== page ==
Carlo Mollino

October 2008, Zurich

Carlo Mollino (1905 – 1973) is one of the greatest aesthetic universalists of the 20th century. Born in Torino as the son of an architect, he started studying art history but soon switched to the architecture faculty where he received his degree in 1931. Mollino saw his degree as a starting point for many different activities, and his many talents were reflected in an adventurous mélange of creative engagements: Mollino was just as successful in car racing as he was in stunt flying. He was inventor, occultist and womanizer and already in his lifetime he made a name for himself around the world as
a highly gifted architect, furniture designer and photographer.

Carlo Mollino is truly an integrated work of art. Besides his architectural work he devoted himself to photography with great skillfulness and became one of the leading figures in this field.
He also made a name for himself as a tinkerer and inventor, experimenting with different cameras and photographic techniques.
As early as 1945, his comprehensive work “Il messaggio dalla camera oscura”, a classic in photography literature, was published in Torino.

The focus of his photo-artistic interest lay on dealing with his own architectural works, which Carlo Mollino documented with virtuosic images and staged scenes. With the help of the camera, his interior architecture and furniture designs became scenic ensembles able to congenially impart the fascination of modernistic formal language.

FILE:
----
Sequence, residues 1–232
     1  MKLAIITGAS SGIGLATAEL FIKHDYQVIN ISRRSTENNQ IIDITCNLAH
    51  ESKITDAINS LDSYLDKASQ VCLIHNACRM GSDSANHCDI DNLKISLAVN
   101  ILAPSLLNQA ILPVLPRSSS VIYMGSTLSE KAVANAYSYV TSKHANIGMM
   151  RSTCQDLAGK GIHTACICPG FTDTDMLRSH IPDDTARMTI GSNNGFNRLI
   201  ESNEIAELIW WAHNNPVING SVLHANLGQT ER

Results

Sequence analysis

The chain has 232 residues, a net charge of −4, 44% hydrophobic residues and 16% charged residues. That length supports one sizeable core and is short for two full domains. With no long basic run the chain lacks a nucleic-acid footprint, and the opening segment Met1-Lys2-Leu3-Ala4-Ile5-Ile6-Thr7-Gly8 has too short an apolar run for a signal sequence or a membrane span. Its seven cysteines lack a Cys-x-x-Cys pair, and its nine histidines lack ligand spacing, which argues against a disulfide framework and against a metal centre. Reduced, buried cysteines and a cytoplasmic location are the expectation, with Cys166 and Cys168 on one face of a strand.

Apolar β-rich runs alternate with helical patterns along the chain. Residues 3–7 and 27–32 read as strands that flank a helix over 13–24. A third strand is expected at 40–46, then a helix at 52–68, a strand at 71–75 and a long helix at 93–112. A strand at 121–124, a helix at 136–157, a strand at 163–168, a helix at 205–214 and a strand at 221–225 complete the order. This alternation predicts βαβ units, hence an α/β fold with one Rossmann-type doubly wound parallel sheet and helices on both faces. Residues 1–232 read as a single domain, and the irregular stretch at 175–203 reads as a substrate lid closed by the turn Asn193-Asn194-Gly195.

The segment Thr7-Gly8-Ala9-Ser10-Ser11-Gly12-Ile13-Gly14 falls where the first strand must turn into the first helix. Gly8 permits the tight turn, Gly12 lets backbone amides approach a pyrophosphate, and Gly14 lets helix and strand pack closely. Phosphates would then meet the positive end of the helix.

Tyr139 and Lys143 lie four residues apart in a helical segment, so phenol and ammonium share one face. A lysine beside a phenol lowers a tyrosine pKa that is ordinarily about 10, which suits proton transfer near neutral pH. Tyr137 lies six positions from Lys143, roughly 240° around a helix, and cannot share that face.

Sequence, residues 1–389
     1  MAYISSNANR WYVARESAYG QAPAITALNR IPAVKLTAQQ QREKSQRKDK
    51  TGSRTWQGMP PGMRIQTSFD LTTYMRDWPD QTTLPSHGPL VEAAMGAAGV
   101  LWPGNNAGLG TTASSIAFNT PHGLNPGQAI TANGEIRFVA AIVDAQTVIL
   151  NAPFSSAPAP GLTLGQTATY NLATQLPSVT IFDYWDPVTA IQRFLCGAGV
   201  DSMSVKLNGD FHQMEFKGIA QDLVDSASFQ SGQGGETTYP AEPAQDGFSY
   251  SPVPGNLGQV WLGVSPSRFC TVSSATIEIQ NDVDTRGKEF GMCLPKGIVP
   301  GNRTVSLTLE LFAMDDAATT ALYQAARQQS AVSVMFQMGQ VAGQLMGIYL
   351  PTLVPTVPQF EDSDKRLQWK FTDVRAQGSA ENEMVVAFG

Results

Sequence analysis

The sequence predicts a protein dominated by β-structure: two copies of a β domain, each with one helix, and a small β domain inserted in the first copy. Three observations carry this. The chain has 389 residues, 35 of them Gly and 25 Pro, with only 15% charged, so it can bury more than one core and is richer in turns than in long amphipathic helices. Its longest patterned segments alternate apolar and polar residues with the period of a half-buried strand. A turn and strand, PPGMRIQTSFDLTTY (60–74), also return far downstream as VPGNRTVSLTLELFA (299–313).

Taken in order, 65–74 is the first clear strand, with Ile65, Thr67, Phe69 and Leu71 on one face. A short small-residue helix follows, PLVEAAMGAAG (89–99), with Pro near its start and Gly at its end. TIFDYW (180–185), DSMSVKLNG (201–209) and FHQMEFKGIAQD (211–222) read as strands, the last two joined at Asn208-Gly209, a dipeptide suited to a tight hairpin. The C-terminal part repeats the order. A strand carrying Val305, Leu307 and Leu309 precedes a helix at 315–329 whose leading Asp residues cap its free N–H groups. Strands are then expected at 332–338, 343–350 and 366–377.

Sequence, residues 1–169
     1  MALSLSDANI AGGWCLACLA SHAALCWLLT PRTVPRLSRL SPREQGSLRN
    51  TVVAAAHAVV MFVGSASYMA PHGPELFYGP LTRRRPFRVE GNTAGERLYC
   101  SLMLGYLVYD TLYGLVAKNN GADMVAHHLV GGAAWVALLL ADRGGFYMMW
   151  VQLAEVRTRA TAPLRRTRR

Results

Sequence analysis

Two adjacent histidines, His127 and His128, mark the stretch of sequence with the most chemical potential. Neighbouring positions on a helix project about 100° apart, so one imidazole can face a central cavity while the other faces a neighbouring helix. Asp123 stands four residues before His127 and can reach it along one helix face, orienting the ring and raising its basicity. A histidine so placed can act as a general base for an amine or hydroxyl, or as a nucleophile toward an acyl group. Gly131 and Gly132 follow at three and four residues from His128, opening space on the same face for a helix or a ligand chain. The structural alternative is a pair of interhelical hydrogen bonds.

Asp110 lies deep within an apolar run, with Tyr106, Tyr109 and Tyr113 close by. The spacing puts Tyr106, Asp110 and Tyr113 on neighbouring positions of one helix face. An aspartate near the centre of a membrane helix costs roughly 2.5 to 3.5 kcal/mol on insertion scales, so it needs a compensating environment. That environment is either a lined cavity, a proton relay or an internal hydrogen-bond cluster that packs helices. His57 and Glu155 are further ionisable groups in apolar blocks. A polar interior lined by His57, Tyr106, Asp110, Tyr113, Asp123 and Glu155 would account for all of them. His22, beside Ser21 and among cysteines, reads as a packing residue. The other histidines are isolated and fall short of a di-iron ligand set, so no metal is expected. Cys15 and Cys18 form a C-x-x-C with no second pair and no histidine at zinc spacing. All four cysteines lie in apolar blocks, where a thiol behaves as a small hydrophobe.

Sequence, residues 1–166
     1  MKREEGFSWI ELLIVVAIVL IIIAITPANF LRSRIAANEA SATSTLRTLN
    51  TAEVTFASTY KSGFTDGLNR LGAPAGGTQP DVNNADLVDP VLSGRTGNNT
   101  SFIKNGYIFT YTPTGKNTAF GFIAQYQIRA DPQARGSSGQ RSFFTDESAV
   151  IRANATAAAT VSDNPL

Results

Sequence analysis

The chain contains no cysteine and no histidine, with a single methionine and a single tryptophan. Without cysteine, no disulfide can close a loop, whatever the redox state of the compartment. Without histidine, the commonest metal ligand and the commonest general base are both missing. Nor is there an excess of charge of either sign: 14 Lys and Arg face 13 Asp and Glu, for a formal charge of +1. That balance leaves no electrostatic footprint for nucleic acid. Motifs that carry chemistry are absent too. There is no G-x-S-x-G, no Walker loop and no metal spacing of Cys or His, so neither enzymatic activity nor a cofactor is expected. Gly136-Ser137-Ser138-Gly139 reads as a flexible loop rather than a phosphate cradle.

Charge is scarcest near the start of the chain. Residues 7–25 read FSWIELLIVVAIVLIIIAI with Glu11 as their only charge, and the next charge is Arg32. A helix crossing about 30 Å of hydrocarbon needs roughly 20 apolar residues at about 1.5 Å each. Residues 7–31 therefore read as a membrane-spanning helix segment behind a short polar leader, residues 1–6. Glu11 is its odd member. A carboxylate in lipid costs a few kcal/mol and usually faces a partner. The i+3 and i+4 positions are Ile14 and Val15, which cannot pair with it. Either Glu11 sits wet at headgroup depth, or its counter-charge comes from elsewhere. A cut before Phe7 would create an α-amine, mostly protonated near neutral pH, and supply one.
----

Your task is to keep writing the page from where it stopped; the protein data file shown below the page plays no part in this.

Mollino did not only use the medium of photography to document his work, but saw the mostly black-and-white pictures as an artistic continuation of his architectural vocabulary that was held in an ingeniously ambiguous balance between material, room structure and details. Strongly influenced and characterized by cinematic moments, the pictures give the Mollino architecture an enigmatic aura; however, they also show surrealistic scenarios and coquet with sexual allusions: with fetish objects, with mirrors, half-closed extravagant Mollino furniture designs and a multitude of sensual textiles. Such complex image worlds could often only be created with the collaboration of professional photo studios. Mollino’s legendary hand-written comments and image-detail notations still present on some of the prints show his mastery and his keen wish to create art. Such photos with “traces” of the master are nowadays highly sought-after unica with vintage character.